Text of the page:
11. #1. Massive tax on 2nd homes. It’s not possible for everyone on the planet to have a 2nd home; by that definition it’s selfish, and those who are selfish need to pay a heavy price.

    How many homes does Boris Johnson have? How many children does he have? How many homes does his silver-spoon brother have?

  12. Any homes that Boris Johnson, bless his little cotton socks, has were paid for by his talent and hard graft, nothing could be more democratic than that. (he paid for his own little cotton socks too.)

    Who is Boris Johnson’s silver spoon brother? As a student of the Johnson family, is there someone that I have missed? Boris’s brothers are , I think, Jo Johnson, Max and Leo. They have all worked hard for anything they have. So who is this mysterious silver spoon stranger?

  13. “A-level results: Public schools expected to take lion’s share of new A* grades”

    I believe Boris Johnson had one of these Eton silver-spoon starts in life. Did Jo Johnson, Max and Leo all attend Eton too?

  14. Nelson Mandela once liked the use of indiscriminate bombing as an act of terrorism. People forget that.

  15. No wonder a large percentage of students come out of Eton looking like those characters off Another Country or Brideshead Revisited. Nothing wrong, of course. In fact, it’s rather romantic.

  16. zxcv, Boris was so clever he won a scholarship to Eton, so no silver spoon involved there. Geez life must be tiring for you, that huge chip on your shoulder must weigh you down…..

  17. GWENAP, an adult shop in Hull, has this shop board:




  18. Edna,
    The spririt of the great Frank Zappa is clearly alive and well, and thrives amongst the adults of Hull.
    My day has been made!

  19. Oh Edna, don’t mock the terrorists, dear. The terrorist won’t blow U up in revenge but they will call U a racist instead.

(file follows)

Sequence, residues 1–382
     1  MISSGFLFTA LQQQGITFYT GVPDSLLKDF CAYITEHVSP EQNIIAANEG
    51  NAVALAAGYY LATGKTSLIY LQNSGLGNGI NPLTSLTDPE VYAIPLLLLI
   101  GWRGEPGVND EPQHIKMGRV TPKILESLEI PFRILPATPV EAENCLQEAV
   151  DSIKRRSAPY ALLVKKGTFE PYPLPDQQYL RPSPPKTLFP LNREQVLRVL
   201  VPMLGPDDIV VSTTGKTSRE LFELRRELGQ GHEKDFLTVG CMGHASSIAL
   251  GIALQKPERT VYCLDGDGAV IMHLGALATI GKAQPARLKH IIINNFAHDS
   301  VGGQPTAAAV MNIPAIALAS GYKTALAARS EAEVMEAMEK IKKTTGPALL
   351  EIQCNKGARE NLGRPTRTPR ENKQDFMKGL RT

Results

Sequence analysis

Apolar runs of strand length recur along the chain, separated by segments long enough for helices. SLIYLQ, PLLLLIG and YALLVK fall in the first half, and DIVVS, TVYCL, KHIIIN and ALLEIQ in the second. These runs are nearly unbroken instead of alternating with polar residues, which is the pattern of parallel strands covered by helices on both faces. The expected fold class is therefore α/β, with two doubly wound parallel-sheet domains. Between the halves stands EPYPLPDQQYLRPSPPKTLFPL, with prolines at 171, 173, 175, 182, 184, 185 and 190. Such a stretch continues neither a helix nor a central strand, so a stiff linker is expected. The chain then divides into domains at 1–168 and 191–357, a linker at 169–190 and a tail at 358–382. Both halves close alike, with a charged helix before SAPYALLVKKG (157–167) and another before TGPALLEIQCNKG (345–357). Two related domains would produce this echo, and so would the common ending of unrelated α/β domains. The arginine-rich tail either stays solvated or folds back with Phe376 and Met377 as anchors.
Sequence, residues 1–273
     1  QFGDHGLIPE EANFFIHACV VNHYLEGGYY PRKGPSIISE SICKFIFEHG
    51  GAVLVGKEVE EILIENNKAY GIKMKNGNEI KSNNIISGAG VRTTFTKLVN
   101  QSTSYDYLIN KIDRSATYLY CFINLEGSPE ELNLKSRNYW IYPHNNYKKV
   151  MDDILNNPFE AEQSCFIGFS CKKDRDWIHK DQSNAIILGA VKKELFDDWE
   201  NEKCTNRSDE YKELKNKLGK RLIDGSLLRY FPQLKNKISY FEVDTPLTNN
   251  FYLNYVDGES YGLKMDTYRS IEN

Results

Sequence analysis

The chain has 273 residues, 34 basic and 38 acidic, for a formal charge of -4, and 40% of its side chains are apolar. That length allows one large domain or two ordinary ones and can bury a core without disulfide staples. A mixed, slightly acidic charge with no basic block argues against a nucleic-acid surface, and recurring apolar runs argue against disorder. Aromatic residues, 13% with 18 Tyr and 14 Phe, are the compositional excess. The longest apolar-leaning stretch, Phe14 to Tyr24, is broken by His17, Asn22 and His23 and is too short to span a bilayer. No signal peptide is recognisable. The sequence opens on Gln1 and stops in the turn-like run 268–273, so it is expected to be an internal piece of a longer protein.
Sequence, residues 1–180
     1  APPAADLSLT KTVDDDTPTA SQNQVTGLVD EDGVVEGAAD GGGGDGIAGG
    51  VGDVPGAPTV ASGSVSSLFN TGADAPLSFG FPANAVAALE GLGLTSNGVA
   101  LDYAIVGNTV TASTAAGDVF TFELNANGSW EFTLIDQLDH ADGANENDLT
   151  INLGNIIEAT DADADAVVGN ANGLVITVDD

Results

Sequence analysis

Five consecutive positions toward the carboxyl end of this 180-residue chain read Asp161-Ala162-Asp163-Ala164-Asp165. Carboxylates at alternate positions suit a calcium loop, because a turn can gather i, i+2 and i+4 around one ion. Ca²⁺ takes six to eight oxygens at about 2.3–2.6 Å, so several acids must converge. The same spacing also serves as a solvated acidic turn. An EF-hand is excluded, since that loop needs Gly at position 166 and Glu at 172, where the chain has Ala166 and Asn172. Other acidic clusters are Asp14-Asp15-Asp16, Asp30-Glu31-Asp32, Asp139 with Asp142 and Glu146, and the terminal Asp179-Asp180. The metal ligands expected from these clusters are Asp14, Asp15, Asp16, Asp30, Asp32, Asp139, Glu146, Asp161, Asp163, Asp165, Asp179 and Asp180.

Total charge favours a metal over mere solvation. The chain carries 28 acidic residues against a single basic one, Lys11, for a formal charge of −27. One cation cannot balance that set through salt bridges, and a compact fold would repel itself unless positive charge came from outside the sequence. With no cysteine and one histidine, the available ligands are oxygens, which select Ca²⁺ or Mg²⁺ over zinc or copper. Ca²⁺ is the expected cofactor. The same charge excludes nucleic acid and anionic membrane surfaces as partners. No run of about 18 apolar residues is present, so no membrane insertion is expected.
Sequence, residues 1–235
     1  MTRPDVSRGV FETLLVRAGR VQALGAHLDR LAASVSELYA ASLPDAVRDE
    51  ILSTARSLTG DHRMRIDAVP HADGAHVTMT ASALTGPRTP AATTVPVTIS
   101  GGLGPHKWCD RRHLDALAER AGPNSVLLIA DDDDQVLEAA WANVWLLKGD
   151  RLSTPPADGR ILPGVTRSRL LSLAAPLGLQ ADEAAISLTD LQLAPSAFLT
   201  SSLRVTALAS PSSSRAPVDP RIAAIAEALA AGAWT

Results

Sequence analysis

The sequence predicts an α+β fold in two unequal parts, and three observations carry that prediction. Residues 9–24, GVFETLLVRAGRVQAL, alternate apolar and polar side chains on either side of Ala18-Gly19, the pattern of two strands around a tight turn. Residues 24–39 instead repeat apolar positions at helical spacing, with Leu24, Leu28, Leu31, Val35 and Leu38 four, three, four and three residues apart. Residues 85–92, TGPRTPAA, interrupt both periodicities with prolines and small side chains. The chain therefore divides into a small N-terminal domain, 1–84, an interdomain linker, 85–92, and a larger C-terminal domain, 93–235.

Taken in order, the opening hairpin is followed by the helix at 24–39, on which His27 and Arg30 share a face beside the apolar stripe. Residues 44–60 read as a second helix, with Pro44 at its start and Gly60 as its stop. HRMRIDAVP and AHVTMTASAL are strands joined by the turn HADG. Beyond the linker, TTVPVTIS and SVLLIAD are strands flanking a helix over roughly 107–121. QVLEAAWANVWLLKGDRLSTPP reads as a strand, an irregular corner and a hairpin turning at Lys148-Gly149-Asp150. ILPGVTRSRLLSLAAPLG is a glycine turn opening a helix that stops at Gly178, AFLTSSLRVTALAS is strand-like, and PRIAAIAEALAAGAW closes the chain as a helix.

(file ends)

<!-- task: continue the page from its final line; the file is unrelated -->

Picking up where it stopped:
( U have to admire the British terrorist’ English sense of humour weally don’t ya? )

  20. But Edith, not a patch on the British terrorist Scottish sense of humour, as performed by Kenny MacAskill, at Holyrood, and soon to tour the Americas.

  21. Crikey did Boris write this on the back of a napkin whilst chatting on the tube? It’s a bit disjointed although he tries valiantly to string it all together in some sort of coherent message.

    First of all Dawkins and Hitchens don’t argue that God is dead, they argue he doesn’t exist. Chris Hitchens doesn’t expect people not to be superstitious because he knows there are lots of stupid people in the world, he just doesn’t believe he’s one of them.

    Nelson Mandela is widely reported to be next to a saint but I don’t think many celebrities would bother to look up what he’s actually done before accepting a dinner invitation. Nor would they demand a copy of the guest list before accepting. What?! To have dinner with Mandela is social currency. Superstition and holiness has nothing to do with it.

    I can’t see that the naivite of Boris’s current secretary, or the oil spill, has anything to do with cloned beef. Although I do understand he’s trying to make some connection in terms of public outrage but I don’t think the two situations are comparable, not least because Boris is wrong: we simply don’t know what the effects of cloned meat are going to be. And we learned to be sceptical of the assurances of the FDA a while back (Seroxat, Vioxx?).

    To be fair to Ann Sindall it could be that she was considering the oil spill in terms other than environmental. Financially it’s been a spill for all involved, and reputations have been damaged all round, including the reputation of that coastline as a holiday choice. That has nothing to do with superstition but reality. Something Dawkins and Hitchens are pretty keen on.

    Finally it has to be said that journalists can be accused of being the architect of the kind of outrage or superstition Boris alludes to in this piece. If they weren’t then the Daily Wail would only be bought because it is the perfect size for the litter tray.

  22. “Journalists..the architects of ..outrage or superstition”
    On the money, Philipa. As I think PT Barnum observed, (correction welcome):
    ‘Nobody ever got rich by over-estimating the intelligence of the public”

  23. “The idea of God was not a lie but a device of the unconscious which needed to be decoded by psychology. A personal god was nothing more than an exalted father-figure: desire for such a deity sprang from infantile yearnings for a powerful, protective father, for justice and fairness and for life to go on forever. God is simply a projection of these desires, feared and worshipped by human beings out of an abiding sense of helplessness. Religion belonged to the infancy of the human race; it had been a necessary stage in the transition from childhood to maturity. It had promoted ethical values which were essential to society. Now that humanity had come of age, however, it should be left behind.”

    – Sigmund Freud